It is a distinct minority, but there are those who believe the best way to deal with disfigured elections for Wisconsin Supreme Court justices is to get rid of them. The elections, that is, not the justices.
Despite the fact such a move is politically and practically implausible, as I've blogged before, the debate still simmers. In fact, it was a matter of considerable discussion at the State Bar of Wisconsin annual convention in Milwaukee a little over a week ago, where I debated Wisconsin State Journal publisher Bill Johnston in a session on the topic moderated by Chief Justice Shirley Abrahamson.
A legislator here and there with encouragement from a media commentator or two are floating the idea of going even farther and doing away with the state's nonpartisan spring elections altogether.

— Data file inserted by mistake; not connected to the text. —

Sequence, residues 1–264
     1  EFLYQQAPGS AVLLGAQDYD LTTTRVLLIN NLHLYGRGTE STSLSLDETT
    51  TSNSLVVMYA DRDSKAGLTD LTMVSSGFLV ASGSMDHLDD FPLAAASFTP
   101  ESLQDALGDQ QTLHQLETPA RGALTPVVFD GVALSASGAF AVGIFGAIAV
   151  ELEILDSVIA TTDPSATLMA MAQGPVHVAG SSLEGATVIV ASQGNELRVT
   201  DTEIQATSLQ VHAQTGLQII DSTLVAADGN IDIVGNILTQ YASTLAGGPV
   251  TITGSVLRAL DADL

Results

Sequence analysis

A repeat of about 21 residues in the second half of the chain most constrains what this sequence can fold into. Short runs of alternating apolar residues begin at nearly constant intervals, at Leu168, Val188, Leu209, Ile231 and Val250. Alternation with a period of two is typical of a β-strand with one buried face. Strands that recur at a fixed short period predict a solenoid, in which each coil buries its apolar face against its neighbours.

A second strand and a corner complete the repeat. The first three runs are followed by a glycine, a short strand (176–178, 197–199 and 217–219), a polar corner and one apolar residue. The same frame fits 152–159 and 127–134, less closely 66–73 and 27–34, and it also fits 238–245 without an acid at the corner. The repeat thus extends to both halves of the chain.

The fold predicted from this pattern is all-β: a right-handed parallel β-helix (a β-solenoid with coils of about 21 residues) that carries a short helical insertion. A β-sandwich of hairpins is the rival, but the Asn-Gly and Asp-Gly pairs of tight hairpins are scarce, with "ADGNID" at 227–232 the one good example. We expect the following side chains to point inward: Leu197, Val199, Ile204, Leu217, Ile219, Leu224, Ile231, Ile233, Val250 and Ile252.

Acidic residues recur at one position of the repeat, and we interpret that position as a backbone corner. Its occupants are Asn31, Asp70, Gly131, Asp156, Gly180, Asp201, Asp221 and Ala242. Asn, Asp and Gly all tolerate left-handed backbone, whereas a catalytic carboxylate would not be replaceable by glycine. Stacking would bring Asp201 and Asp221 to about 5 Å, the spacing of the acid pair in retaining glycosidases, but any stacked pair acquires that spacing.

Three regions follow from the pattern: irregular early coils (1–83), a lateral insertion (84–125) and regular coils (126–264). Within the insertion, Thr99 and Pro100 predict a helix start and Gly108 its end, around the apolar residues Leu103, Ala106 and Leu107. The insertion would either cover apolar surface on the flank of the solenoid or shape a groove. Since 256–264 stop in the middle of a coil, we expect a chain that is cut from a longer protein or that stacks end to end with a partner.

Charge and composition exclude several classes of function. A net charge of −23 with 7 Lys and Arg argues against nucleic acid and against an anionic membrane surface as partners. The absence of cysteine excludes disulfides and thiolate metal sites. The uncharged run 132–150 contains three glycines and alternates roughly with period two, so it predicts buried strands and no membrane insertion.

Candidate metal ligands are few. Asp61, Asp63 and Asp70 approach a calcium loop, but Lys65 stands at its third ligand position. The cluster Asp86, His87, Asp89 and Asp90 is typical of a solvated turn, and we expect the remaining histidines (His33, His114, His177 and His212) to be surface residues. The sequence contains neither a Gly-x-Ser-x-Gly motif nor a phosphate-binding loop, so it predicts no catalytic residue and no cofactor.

There's no denying that Wisconsin's spring elections leave a great deal to be desired. For one thing, voter turnout has been abysmal. But why is the kneejerk reaction to unsatisfying elections seemingly always a call to get rid of them? Why is the menu of options limited to poor elections or no elections? Isn't there a third way?
Of course there is. We could focus on making the spring elections more innovative and compelling and worthy of the average voter's attention. We could experiment with voting by mail or multi-day voting or weekend voting.
Or even better yet, we could move to ranked choice voting. It's working in other parts of the country. The best known variant of ranked choice voting – Instant Runoff Voting – would save taxpayers money by eliminating the need for the February primary, the lowest of the low-turnout spring elections. IRV gives voters greater ability to express their preferences and is a truer reflection of the will of the people. And it all but does away with the annoying phenomena of "spoiler" candidates and "wasted" votes.
What's not to like? More importantly, what do we have to lose? Other than our elections, I mean.